How to win using annuities in retirement

How to win using annuities in retirement

 

In this underused strategy, weigh your age and interest rates, then get the timing right.

by Jonathan Chevreau

November, 2016

Presented by: Henley Financial & Wealth Management , If you would like a detailed explantion of how this could work for you please feel free to contact Winston L. Cook

The good news is most of us can expect to live longer. The bad news is that the decline of defined-benefit pensions, along with chronically low interest rates, makes it harder for us to avoid outliving our money.

For those without workplace defined-benefit pensions, annuities can offset that risk by acting as a form of longevity insurance. You hand over capital to an insurance company today in exchange for a guaranteed flow of income for as long as you live. In a real sense a DB pension, with its guaranteed payouts, is annuity-like. As are programs like the Canada Pension Plan (CPP) or Old Age Security (OAS).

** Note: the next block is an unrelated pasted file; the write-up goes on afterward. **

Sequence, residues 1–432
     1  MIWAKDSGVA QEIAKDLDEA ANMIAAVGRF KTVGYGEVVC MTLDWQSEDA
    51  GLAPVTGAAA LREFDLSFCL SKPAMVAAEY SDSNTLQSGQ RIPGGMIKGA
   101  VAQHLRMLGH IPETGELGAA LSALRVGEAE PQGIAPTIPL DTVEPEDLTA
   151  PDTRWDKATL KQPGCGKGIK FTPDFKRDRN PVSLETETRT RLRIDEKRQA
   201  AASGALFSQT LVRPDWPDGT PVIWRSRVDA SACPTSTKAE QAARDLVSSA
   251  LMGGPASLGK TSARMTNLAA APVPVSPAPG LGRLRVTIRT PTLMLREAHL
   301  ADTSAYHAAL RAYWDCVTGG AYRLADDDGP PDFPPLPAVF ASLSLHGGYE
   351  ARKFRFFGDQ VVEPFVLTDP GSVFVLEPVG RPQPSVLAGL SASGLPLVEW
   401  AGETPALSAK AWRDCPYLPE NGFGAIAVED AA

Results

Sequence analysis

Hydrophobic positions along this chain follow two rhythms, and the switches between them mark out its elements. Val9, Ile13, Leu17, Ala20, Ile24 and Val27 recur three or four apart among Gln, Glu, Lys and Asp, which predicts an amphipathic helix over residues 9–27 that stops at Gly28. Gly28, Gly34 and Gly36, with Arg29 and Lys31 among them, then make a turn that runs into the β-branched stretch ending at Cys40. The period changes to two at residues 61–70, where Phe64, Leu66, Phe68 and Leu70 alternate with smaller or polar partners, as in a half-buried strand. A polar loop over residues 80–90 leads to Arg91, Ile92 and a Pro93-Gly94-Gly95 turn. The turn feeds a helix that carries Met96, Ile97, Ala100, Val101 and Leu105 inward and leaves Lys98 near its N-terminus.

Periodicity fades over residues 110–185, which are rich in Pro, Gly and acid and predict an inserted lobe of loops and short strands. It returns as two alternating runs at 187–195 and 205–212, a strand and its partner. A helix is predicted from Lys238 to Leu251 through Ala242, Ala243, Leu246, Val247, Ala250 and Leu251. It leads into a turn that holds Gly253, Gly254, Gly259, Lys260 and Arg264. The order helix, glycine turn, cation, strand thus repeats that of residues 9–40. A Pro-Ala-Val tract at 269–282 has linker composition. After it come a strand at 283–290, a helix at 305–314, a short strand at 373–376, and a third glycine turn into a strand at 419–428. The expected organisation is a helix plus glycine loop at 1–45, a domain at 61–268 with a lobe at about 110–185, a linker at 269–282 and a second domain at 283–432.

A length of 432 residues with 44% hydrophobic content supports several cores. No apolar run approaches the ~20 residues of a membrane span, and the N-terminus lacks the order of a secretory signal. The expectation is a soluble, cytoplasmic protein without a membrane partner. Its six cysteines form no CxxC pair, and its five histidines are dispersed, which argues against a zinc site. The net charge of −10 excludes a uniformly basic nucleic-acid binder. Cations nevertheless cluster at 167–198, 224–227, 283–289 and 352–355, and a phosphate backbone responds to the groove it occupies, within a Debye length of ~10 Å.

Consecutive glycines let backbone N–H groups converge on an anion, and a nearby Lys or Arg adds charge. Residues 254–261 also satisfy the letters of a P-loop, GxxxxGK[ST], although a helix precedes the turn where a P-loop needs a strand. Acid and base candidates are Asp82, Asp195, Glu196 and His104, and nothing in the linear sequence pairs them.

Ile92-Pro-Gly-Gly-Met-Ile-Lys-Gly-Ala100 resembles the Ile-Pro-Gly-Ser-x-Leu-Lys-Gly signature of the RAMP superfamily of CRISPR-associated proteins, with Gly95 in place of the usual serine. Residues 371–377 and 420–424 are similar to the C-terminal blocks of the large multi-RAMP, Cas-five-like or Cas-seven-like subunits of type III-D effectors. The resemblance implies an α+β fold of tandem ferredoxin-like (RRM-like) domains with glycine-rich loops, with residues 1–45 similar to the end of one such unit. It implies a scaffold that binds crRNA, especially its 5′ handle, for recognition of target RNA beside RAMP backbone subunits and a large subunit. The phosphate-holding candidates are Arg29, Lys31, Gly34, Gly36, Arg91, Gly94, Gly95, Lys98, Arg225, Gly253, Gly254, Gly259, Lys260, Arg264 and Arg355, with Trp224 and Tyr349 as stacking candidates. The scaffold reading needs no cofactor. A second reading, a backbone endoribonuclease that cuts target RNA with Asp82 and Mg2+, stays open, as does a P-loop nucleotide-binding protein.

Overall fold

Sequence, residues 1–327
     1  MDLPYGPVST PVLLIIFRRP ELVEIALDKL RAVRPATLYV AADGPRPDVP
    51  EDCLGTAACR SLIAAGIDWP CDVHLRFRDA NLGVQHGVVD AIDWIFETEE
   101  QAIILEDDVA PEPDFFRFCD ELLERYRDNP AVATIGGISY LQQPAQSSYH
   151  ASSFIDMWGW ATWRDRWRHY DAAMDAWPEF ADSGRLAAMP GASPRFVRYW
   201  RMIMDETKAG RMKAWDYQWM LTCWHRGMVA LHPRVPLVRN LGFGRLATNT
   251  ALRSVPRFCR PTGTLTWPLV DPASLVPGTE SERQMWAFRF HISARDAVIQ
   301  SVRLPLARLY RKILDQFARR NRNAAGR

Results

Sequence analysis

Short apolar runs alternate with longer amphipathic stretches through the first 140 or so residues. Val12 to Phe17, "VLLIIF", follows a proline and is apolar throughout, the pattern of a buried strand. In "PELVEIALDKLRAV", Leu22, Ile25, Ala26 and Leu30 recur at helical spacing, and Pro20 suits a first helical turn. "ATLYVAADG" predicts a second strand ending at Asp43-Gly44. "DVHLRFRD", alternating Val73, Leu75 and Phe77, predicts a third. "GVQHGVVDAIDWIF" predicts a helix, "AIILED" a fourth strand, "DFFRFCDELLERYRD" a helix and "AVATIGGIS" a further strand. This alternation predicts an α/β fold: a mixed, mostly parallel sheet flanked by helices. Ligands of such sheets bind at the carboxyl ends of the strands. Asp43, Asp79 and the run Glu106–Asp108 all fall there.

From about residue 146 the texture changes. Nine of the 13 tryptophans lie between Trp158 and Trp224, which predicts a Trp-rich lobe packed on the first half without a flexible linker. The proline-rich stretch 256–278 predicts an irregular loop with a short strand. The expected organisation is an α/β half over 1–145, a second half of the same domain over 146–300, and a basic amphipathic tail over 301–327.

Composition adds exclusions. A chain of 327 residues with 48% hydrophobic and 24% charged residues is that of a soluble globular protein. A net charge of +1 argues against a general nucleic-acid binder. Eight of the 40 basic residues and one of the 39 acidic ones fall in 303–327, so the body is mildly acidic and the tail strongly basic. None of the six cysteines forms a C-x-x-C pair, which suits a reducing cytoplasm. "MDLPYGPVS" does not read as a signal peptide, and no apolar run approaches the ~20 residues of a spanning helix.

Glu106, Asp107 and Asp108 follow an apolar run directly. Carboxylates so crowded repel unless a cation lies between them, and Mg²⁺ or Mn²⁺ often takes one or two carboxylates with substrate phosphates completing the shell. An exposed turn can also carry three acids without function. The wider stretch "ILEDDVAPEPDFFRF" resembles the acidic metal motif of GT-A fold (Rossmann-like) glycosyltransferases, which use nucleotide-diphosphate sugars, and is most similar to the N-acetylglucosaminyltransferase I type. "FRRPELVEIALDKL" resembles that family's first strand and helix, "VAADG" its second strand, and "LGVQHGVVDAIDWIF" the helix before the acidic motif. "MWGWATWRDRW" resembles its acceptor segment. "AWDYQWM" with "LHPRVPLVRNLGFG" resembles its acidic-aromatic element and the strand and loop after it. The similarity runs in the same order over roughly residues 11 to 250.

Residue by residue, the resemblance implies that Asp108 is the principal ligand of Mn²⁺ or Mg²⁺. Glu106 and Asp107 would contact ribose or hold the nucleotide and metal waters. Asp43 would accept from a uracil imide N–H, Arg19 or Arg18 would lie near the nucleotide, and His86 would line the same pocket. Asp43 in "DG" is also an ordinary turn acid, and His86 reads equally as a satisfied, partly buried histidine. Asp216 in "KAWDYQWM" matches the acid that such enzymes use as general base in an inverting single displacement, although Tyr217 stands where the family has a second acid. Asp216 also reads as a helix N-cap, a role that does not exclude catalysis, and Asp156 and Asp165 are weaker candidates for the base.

Despite similar terminology, defined-contribution pensions, RRSPs, TFSAs, and non-registered savings are not real pensions, cautions Schulich School of Business finance professor Moshe Milevsky. While those vehicles will help out in retirement, the only way you can create a real guaranteed income for life is to annuitize, he explains in the second edition of Pensionize Your Nest Egg.

Nevertheless, annuities are underutilized because they are misunderstood or viewed as undesirable. Yet, new “fintech” alternatives may do the same thing as annuities, only using terms such as peer-to-peer longevity insurance or investment funds with longevity insurance.

 

Milevsky argues that even at today’s rock-bottom interest rates, annuities should pay more than comparable fixed-income investments because of the built-in mortality credits. “Anyone who bought an annuity five years ago is very happy,” Milevsky says.